The Mental Capacity Act (2005) (MCA) came into force in 2007. It is a forward thinking piece of legislation that looked to empower as far as possible people who lack mental capacity.

On 13 March 2014, the House of Lords Committee published a report detailing its post-legislative scrutiny of the MCA. They considered feedback from people, organisations and professionals who use the MCA to determine its effectiveness. The Commission concluded that the MCA has not been completely successful in practice, as the majority of the public are not aware of the MCA safeguards and they are not always recognised by public and private bodies. Moving forward, the Commission recommended the creation of a single independent body to oversee the MCA’s implementation.

Below is a summary of the Committee’s recommendations in relation to three key areas governed by the MCA: (1) lasting powers of attorney; (2) advance decisions (also known as living wills); and (3) the Court of Protection.

Lasting Powers of Attorneys (LPAs)

LPAs enable people with capacity to appoint somebody (an attorney) to make decisions on their behalf in relation to their health and welfare and/or their property and financial affairs. They are valid once registered with the Office of the Public Guardian, but they usually take effect if the person loses capacity.

LPAs are not widely known amongst the public and many organisations, such as banks, do not always understand or recognise the powers granted by LPAs. There is no real sanction for bodies that refuse to acknowledge the LPA power and this can be frustrating for parties involved as the attorney is unable to complete a task for the person’s benefit.

The Committee recommended to:

  • Raise awareness of LPAs amongst the public and professional groups;
  • Consider how information about registered LPAs can be shared between public and private bodies when suitable;
  • Include information about LPAs in guidance provided to local authorities about their responsibilities under the MCA; and
  • Consider how attorneys faced with non-compliance by public or private bodies can be supported in the absence of specific sanctions.

Advance Decisions

An advance decision enables a person with capacity to document their wish to refuse specific treatment in the future and when such refusal will take effect. If valid, the advance decision is legally binding on doctors. Advance decisions are important in the context of an increasingly aging population, where people may lose capacity to refuse treatment in the future due to ill health or an accident for instance.

Difficulties arise as the majority of the public are not aware of advance decisions, and there is an absence of a systematic process to record, store and retrieve the advance decision when the person loses capacity. The Committee recommended that:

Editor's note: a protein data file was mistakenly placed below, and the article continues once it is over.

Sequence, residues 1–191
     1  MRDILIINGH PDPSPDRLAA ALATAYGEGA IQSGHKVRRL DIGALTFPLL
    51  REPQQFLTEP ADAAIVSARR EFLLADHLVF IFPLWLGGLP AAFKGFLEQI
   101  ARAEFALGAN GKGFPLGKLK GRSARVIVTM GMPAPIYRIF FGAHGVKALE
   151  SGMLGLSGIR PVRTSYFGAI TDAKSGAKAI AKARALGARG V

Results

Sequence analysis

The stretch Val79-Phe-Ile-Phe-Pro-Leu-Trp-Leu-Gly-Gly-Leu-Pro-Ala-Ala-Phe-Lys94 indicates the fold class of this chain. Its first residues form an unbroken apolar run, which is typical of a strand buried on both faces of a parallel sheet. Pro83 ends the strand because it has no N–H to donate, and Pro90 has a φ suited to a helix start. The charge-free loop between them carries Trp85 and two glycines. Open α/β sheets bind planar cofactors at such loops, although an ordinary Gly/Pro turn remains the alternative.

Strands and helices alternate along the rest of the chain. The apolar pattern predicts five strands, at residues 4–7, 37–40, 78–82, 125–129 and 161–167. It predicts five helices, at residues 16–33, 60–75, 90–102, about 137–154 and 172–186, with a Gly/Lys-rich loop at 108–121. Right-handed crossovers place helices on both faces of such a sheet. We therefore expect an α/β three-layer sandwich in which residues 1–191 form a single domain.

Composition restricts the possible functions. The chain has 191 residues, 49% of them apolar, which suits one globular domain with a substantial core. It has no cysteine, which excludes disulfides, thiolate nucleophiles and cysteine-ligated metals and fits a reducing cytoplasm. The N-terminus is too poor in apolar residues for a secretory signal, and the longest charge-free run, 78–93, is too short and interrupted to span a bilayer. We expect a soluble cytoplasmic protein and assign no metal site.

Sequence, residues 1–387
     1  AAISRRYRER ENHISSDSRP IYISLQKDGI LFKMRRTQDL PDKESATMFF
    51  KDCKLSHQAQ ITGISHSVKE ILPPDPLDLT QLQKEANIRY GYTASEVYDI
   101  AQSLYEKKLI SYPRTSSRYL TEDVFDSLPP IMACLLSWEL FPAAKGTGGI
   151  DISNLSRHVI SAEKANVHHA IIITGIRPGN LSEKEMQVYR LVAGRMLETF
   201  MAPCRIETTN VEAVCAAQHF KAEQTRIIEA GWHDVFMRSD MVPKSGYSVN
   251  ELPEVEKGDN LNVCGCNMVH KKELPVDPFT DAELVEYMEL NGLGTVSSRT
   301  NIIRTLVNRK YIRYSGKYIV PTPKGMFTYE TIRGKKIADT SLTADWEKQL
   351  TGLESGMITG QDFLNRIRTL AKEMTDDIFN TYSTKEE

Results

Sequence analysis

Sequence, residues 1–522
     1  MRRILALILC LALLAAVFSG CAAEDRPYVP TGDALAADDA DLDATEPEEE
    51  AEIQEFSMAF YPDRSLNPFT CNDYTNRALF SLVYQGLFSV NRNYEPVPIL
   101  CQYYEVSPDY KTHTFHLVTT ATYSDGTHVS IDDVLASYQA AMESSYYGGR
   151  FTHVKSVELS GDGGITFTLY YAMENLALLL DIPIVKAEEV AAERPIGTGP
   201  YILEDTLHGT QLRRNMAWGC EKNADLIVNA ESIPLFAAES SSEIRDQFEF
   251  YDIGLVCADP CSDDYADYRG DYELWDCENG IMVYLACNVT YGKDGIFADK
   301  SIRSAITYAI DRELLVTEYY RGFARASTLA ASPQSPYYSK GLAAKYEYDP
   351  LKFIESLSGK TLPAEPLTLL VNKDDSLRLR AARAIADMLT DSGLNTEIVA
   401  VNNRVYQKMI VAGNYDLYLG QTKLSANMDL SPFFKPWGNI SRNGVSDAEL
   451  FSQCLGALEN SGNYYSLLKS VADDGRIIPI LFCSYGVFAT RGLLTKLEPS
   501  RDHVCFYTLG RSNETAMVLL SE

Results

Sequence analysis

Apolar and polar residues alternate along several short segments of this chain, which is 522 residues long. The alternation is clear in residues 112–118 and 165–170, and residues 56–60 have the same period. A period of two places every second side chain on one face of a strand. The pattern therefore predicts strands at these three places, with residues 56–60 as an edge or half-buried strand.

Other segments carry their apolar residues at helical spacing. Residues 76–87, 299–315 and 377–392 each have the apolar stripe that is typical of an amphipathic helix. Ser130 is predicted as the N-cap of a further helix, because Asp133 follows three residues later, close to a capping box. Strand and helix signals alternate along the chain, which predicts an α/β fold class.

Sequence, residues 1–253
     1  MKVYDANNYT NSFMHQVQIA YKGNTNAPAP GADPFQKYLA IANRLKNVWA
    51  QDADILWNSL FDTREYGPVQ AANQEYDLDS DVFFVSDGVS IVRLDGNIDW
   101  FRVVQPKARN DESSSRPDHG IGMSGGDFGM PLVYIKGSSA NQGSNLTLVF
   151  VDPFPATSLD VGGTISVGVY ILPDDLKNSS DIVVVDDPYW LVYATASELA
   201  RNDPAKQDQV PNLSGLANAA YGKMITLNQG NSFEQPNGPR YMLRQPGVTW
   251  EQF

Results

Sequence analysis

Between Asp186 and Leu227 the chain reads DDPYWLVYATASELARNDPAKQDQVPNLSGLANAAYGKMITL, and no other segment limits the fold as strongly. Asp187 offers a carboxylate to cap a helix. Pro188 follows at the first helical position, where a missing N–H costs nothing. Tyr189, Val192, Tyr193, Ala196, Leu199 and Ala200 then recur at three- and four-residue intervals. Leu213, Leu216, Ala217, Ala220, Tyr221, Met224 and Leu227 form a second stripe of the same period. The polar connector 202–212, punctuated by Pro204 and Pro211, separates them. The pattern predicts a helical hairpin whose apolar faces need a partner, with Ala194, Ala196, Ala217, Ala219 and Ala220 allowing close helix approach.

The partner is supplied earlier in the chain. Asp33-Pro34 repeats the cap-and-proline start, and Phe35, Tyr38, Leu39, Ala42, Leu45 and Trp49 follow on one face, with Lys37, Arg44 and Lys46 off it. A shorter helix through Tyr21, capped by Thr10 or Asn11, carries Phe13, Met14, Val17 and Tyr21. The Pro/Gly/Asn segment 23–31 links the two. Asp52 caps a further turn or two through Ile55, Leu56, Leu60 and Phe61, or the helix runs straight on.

• The public should be made aware of advance decisions to refuse treatment;
  • a system/culture in which health care staff have a better understanding of advance decisions so they can be complied with at the relevant time (provided they are valid) should be promoted;
  • Health care staff and patients should discuss advance decisions at an early stage to ensure that such decisions are valid and applicable at the relevant time; and
  • The possibility of storing advance decisions onto electronic medical records for ease of retrieval when required should be introduced.

The Court of Protection (CoP)

The CoP has the power to look after the affairs of persons who lack mental capacity by appointing a deputy to make decisions on that person’s behalf in relation to their property and financial affairs and/or their health and welfare. The Commission spoke to staff and the judiciary of the CoP to understand what hinders the Court’s effectiveness. General problems, such as cost of access, delays and transparency, were identified. The Commission recommended the following:

  • To promote transparency, the CoP should have control over what is published about the Court on the government’s centralised website or it should have its own dedicated website;
  • The government and the independent oversight body should provide clear guidance to public authorities about when they should proactively refer disputes under the MCA to the CoP. This will also apply when the dispute concerns a person who does not consider they lack capacity;
  • Recruit more people to deal with the increasing backlog of cases to shorten the current delay;
  • More judgments should be made available to the public to improve transparency. This is already happening following negative press last year about ‘secret courts’. More CoP judgments are being published;
  • Mediation should be a pre-requisite for launching proceedings in the CoP, especially with cases concerning property and financial affairs where the costs fall to the person who lacks capacity. Mediation should follow the MCA’s framework for decision making and, if this is not possible, should follow the best interests principle and process; and
  • The government should review the availability of legal aid for those who lack the mental capacity to litigate.

In conclusion, the MCA intends to protect vulnerable people in our society, but this has not always been the case in practice. The Commission’s report highlights practical problems and makes recommendations in an attempt to resolve these. It is envisaged that if the government adopts these recommendations, there will be more certainty around the MCA and as a result, vulnerable people will be better protected.